Technical Plenary (9:00 am – 10:00 am)

1. Suneetha S

Date: 15 October 2019

Title: Trans-disciplinary approaches in socio-ecological research

Abstract: Recently, research and policy agendas are attempting to integrate knowledge generated from multiple contexts in order to ensure more representative problematization, analysis and identification of solutions. Such knowledge comes either from mainstream “western science” approaches or through other epistemological approaches that are considered traditional / indigenous. It is noteworthy that such knowledge integration has always been common among activities led on the ground by local communities, civil society organizations and certain research communities engaged in ‘action research’.

Since 2012, the Intergovernmental Science-Policy Platform on Biodiversity and Ecosystem services (IPBES) has mandated that all its assessments will integrate knowledge from contemporary modern science and from traditional/ indigenous sciences. This echoes a re-orientation amongst several researchers and implementing agencies that mainstream research and policy setting should be aligned with practitioner priorities and contexts to enable achieving solutions that can be considered ecologically sustainable and equitable.

The talk will focus on some of the ongoing efforts at arriving at such trans disciplinary solutions to trigger reflections on adapting such methodologies in conservation research.

2. Mordecai

Date: 17 October 2019

Title: The need for ‘Human Rigour’ in Wildlife Conservation Study and the Danger of Losing Social Sustainability.

Abstract: Enclosure, displacement, and the destabilization of social relationships are negative impacts on human and biodiversity equilibria all over the world. However, they have become the norm in conservation, particularly in the global south. Most practitioners find themselves unable to adequately handle the human dimensions of the conservation challenges they are addressing. The root of this problem is in our training as conservation biologists, which implicitly and explicitly demonizes local populations. This is because the way we study and practice conservation originated in colonialism and was never designed to accommodate our people. In my lecture, I will share experiences from my studies, and work in areas of ecology and policy to advise students on the dangers of weak human dimensions in their work, and how they can improve the ‘human rigour’ of their projects to ensure sustainable outcomes.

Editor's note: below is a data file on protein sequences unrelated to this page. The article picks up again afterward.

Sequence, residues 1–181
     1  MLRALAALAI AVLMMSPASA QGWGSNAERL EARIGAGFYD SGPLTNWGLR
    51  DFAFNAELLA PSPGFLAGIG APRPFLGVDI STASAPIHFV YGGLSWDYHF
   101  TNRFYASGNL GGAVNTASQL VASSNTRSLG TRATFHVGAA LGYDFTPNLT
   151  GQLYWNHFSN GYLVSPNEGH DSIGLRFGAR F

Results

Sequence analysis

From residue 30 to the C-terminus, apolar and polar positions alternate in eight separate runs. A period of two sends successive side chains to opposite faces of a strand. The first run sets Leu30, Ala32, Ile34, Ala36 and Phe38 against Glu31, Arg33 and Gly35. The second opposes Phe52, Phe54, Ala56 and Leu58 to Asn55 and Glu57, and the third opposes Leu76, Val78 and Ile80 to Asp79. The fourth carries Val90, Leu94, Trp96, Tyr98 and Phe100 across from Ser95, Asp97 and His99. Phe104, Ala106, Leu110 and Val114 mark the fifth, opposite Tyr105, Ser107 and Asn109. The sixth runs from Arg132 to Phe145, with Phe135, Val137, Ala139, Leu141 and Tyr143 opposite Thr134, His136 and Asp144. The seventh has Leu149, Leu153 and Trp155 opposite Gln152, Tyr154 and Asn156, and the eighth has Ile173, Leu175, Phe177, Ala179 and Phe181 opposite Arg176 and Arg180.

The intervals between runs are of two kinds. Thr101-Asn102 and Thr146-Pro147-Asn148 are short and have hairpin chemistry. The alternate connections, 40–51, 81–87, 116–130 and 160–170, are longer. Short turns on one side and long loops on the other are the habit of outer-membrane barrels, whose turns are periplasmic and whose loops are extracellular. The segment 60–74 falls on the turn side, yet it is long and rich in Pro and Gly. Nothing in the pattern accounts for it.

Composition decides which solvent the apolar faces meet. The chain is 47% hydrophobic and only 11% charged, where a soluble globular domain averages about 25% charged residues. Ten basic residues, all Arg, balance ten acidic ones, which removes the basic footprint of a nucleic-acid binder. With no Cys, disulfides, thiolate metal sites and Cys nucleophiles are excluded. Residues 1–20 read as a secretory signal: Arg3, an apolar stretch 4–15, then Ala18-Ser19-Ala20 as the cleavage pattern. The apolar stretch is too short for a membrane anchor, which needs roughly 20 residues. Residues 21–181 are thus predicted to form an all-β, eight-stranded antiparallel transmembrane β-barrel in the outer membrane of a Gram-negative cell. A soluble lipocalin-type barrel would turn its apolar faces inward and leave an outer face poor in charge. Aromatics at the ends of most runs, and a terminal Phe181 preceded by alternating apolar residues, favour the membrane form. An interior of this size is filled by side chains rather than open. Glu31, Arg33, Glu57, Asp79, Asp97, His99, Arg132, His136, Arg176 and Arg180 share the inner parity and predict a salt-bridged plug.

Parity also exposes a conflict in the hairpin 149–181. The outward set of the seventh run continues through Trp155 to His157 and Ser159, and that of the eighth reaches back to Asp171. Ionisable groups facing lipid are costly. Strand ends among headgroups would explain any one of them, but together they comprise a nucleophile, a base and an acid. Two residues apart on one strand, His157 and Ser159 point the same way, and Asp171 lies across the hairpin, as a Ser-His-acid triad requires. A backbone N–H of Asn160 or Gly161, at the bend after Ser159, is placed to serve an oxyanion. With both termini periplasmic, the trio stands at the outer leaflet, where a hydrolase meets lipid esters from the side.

3. Yadvendradev Jhala

Date: 18 October 2019

Title: Conserving Large Carnivores in India: Role of Science

Abstract: Large space requirements, low densities, conflict with human interests and illegal demand for body parts, make large carnivores vulnerable to extinctions. Conserving viable populations in small Protected Areas (PA’s, average size ~239km2) having varied intensity of human use and surrounded by a matrix of high human density is extremely challenging. Herein, I review contribution of research from long-term studies on lions, tigers and wolves towards the assessment of status, demography, population viability, habitat connectivity, conservation genetics and human-carnivore conflict in formulating policy and management strategies.

Due to their small size, only a few PA’s can harbor viable populations. Sharing space with humans is an essential and unavoidable conservation strategy for most large carnivores. Securing source populations, low density occupancy within sink habitats, corridor connectivity between populations are essential for metapopulation structure and the only strategy that ensures long-term persistence of carnivore populations. Conflict is inevitable when carnivores share space with people, understanding and managing this conflict within site specific social and economic context is essential.

Country scale assessment of tigers, co-predators and prey has made it possible to keep the pulse of site-specific status and direct management efforts. Conservation Genetics has helped identify ancient, unique and divergent genepools for targeted investments. Incentivized, voluntary relocation of humans from within core areas of tiger reserves has created inviolate space for wildlife (over 35,000 km2). Mapping of habitat corridors has allowed for informed EIA’s for development projects, delineation of ecosensitive zones for PA’s and ensured wildlife friendly norms for infrastructure development. Wildlife science has played a pivotal role in shaping conservation policy and management strategies in modern India. Policy and management based on science has resulted in recovery of some large carnivores and highlighted strategies that need to be implemented for some others